With the EOTY lists posted yesterday, now seems like a better time than ever to take a look at one of the undisputed bands of 2012.
Sell out tours, festival triumphs and a trip into space; this hasn’t been a normal year for Twin Atlantic. Drummer Craig Kneale takes us through the eight reasons why the boys from Glasgow have had the best year ever.
1 – Still living off a timeless album
The band’s debut full-length Free, was released over a year and a half ago now, but they’re still flying off the shelves. The album went silver in the UK in November and doesn’t look like slowing down in a hurry.
Craig: “It grew its own legs and it’s something that’s exciting for us – that we didn’t expect the album to get this far. We’re all still really proud of 95% of what’s on there.”
2 – Everyone loves rock music again
Guitars are back. Mainstream radio over here in the UK has jumped on the back of a whole bunch of young, British bands like TA, their countrymen Biffy Clyro and Lower Than Atlantis.
Craig: “Even two years ago a band that sounded like us would’ve been lucky to get a couple of plays on Radio 1. It shows that rock is as powerful as a musical form as it always was.”
3 – They’re big in space (sort of)
On the 14th of October a complete nutter called Felix Baumgartner jumped 128,100 feet armed with only a parachute. Mental. The band’s song “Free” was used on the official highlights video, which has been viewed by over 30 MILLION people. Equally mental.
Craig: “It’s very weird. It was really nice to be part of something that was a little bit more than having your song on an advert or in a movie, it was a cultural event.”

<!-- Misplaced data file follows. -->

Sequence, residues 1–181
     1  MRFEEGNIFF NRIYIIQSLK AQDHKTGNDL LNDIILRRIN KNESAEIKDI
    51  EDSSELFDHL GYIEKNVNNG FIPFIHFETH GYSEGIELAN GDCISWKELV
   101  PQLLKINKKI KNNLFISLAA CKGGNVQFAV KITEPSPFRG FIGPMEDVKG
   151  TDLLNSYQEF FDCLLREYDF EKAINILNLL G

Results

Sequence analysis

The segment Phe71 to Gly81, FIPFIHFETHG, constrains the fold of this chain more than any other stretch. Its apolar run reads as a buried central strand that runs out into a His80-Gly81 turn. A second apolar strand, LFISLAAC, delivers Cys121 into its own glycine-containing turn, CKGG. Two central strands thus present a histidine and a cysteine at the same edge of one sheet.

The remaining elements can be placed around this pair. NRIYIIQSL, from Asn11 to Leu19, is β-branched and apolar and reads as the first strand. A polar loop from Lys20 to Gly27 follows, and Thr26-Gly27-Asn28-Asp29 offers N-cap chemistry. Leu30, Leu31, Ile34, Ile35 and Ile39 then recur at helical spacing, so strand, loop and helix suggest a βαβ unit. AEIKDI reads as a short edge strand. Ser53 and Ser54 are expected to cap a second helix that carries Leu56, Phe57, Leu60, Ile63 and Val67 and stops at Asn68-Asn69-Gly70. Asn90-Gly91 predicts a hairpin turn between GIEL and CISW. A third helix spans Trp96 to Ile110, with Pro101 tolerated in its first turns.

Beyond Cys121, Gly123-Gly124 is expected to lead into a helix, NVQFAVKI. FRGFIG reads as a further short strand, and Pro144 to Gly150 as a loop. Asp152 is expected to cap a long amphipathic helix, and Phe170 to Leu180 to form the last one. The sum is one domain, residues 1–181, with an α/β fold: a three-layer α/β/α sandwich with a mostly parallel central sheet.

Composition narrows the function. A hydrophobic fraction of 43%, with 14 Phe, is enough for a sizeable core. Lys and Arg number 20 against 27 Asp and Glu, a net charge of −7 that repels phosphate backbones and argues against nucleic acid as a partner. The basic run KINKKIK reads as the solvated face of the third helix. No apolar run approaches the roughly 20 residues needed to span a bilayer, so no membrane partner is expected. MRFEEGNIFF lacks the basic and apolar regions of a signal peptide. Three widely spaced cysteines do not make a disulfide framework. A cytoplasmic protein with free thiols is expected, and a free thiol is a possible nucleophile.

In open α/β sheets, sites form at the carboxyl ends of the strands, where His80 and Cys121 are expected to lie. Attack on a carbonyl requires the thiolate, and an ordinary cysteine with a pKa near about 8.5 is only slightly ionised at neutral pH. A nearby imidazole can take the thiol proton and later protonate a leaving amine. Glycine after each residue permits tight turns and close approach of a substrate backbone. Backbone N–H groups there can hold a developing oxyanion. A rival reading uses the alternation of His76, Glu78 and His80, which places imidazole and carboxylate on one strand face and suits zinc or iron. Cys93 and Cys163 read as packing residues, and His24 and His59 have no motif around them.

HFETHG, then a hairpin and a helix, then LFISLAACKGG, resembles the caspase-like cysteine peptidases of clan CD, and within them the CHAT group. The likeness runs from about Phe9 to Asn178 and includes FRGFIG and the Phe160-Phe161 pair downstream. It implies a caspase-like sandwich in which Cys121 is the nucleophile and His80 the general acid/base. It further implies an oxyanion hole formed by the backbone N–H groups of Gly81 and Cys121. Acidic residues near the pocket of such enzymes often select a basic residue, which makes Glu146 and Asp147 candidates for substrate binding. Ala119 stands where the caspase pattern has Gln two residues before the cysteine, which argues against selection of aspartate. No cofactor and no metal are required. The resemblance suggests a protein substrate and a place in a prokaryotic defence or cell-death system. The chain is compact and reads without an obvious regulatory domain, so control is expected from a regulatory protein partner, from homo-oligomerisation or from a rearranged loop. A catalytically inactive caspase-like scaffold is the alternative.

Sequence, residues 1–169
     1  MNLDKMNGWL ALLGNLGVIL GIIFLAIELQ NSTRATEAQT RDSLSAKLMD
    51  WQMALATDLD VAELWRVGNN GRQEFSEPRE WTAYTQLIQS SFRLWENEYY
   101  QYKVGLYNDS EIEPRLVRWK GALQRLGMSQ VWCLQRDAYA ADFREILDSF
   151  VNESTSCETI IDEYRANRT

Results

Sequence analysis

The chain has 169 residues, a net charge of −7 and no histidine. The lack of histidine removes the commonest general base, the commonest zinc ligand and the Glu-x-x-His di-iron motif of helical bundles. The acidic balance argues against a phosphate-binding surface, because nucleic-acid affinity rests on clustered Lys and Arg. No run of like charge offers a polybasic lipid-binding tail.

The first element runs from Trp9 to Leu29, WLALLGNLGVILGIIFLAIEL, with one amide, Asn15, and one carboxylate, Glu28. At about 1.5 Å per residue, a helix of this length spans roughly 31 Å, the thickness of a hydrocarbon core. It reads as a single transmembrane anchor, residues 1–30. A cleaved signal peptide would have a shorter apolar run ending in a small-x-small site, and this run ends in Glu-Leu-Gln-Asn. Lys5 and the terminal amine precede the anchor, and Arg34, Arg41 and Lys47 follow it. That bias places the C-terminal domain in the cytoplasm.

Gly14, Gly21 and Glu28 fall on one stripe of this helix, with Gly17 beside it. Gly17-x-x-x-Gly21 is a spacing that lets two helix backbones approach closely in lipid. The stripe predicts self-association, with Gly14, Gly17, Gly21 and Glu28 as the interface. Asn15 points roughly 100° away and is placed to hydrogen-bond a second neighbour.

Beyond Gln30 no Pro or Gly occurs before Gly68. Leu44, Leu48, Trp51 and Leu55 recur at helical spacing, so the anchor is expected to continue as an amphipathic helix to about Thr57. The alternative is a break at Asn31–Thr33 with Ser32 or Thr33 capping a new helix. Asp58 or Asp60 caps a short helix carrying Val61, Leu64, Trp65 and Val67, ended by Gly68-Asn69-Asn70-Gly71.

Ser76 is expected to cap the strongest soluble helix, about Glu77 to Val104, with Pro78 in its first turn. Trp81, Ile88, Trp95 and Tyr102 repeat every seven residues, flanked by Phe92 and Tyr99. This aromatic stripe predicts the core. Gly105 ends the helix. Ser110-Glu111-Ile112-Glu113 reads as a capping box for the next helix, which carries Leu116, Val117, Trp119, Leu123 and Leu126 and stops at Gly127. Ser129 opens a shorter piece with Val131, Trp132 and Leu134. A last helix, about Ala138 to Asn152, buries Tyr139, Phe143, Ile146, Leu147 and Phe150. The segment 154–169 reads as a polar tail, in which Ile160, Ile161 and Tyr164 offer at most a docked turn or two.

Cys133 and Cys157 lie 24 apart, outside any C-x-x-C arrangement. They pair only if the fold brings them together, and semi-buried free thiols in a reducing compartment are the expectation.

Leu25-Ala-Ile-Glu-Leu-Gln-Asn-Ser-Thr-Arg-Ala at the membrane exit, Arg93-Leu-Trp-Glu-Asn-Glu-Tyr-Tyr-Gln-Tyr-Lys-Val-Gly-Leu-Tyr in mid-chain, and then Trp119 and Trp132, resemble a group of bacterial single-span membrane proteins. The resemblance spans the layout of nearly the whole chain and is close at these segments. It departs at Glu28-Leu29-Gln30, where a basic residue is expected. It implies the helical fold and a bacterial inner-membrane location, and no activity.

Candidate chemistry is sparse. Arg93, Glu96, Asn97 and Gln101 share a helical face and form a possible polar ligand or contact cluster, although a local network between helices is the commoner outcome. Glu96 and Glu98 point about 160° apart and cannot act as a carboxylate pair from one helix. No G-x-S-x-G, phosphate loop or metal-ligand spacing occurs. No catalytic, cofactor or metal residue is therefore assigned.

4 – Become a touring behemoth
This is a fairly simple one – Twin Atlantic own the UK touring circuit right now. A meteoric rise since a modest Christmas tour has seen the band play epic shows at 2,000-capacity Shepherd’s Bush Empire in London to universal acclaim.
Craig: “We were thinking we’d get to a certain stage in the year and then get up to the size of venue we’re playing now on the next album. It’s been unexpected but really exciting at the same time.”
5 – Made it in America
The boys from Glasgow ditched sunny Scotland for warmer climes over the summer by heading out on the weirdest music roadshow around, North America’s Warped Tour. Despite only playing to 200 fans most days, the band returned with an army of US fans and some decidedly ropey t-shirt tans.
Craig: “Your stage time moves around and all the buses are parked in the same area. It was a weird experience but I’d love to do it again.”
6 – Slayed Reading and Leeds
Headliners At The Drive-In played their first UK show for 10 years at Reading and Leeds this year. Twin Atlantic were on 12 hours earlier and attracted twice as many people at a time where festival-goers are usually sleeping off brutal hangovers. Insane.
Craig: “Those tents are 20,000 people or something crazy like that so we said that even if the tent was half full we’d have been over the moon but it was pretty much packed out. It was an amazing experience and it was one of the defining moments of our year and so far in our band.”
7 – Having an accent is cool now
We don’t want to alarm you, but Celts are taking over. Sam McTrusty’s trademark Glaswegian brogue is just a little bit too much fun to sing along to/butcher. With fellow Scots Biffy Clyro on their way up and Welsh riff merchants Straight Lines flying the flag for Cymru, there’s never been a better time to sound a little bit weird.